Oklahoma students working to keep music alive in low-income schools

EDMOND, Okla. (KFOR)  – Once the final bell rang at school, you might remember still being able to hear music coming from certain high school classrooms as students perfected their tune.

However, that changed in many Oklahoma schools due to budget cuts in recent years.

The Oklahoma Policy Institute stated that in the 2017-2018 school year, Oklahoma had 1,110 fewer art and music classes than just four years ago. In all, it shows that 28 percent of Oklahoma public school students were without access to fine arts classes.

The report says students who live in rural areas and those who attend lower-income schools are less likely to have access to fine arts classes.

Now, a group of high school students is working together to keep the music alive in schools that have been affected by those budget cuts.

“Fine Arts education (such as orchestra, band, or choir, etc.) is often neglected and under-funded by poorer school districts because the subject is less prioritized than technical subjects like reading and math, meaning that those kids are missing out on the full experience of a vital and essential aspect of their education,” Joshua Zhu, founder of ‘Live Life Music,’ told News 4 in an email.

Members of Live Life Music, a non-profit, student-run organization to help local communities through music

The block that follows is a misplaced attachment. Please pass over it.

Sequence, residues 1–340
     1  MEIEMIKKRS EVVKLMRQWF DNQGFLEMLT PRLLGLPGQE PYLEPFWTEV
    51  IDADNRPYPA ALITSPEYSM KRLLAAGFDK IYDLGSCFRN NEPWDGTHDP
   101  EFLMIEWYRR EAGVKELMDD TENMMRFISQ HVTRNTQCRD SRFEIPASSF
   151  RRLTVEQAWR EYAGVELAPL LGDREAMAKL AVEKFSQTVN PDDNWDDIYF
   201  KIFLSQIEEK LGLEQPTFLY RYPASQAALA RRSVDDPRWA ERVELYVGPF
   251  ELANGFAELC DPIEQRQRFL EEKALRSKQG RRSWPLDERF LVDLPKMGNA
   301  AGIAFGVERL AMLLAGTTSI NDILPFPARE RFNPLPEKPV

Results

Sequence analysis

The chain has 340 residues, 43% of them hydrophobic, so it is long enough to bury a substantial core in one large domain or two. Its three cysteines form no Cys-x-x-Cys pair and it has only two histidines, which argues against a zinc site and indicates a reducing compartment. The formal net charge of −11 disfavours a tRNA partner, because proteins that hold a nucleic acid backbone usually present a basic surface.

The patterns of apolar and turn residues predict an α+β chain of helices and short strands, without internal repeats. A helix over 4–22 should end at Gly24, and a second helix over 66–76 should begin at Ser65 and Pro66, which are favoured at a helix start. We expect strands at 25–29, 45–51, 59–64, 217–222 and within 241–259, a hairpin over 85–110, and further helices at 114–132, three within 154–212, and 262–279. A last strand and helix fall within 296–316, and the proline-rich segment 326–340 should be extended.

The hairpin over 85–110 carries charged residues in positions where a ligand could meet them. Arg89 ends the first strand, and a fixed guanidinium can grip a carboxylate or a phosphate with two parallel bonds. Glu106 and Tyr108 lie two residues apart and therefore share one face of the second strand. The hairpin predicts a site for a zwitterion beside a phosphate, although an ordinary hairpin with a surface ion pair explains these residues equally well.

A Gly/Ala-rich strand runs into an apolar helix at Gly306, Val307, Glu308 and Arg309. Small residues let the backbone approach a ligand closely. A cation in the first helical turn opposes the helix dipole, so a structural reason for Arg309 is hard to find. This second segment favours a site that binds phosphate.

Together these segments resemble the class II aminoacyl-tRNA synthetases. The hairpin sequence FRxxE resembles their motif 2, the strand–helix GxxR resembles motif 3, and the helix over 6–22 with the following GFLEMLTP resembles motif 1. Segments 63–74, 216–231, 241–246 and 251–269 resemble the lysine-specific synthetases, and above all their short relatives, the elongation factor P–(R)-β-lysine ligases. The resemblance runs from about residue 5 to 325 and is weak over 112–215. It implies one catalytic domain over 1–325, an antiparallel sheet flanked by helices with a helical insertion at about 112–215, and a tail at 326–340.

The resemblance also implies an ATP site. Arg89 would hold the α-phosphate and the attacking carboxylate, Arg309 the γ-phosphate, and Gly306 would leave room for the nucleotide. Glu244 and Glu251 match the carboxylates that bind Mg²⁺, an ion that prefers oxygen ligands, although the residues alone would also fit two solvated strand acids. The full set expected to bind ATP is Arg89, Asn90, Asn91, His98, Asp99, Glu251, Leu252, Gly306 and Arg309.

Zhu and a handful of other high school students created ‘Live Life Music,’ a student-run 501(c)3 nonprofit organization, which is meant to improve Oklahoma communities through music-related programs.

So far, the kids have created the ‘Music for Seniors’ program, where they voluntarily play music at local retirement homes.

Now, they are hoping they can make an even bigger impact on their peers.

Girls playing violin in music class

Zhu told News 4  they learned that multiple orchestra students in poorer schools were often forced to share instruments with their classmates, meaning they wouldn’t be able to take their instruments home and practice daily.

“We want to help those kids and provide them with the means necessary to have a full orchestra experience. Even if we’re just high school students, we believe that we do have the ability to make that difference in our society, no matter how small or large,” Zhu said.

The students are currently organizing a benefit concert at Santa Fe High School in order to raise money for the orchestra program at Northwest Classen High School.

“We’ve always thought music could transform the lives of those around us. We wanted to help an underfunded Oklahoma orchestra program acquire the resources that they may not be able to afford. After visiting Northwest Classen, we knew we wanted to work with them for our benefit concert and hopefully make an impact on the dedicated students at the school,” Jaclyn Fan, fundraising committee head of the group, said.

Girl playing violin in orchestra

The benefit concert will be held on Oct. 21 at 6 p.m. at Santa Fe High School.

There will be a recommended donation of $5 per adult and $3 per child at the door. All of the money raised from the event will be donated to Northwest Classen’s orchestra program.

“The Northwest Classen orchestra was very excited to learn that we were the chosen school for the benefit concert. We want to thank all the representatives with Live Life Music for helping put this together and all the musicians that will be performing. We encourage everyone to show support for the Northwest Classen orchestra by attending the concert this Monday, October 21, 2019 at 6 p.m,” Samantha Sy, Northwest Classen orchestra director, said in a statement to News 4.

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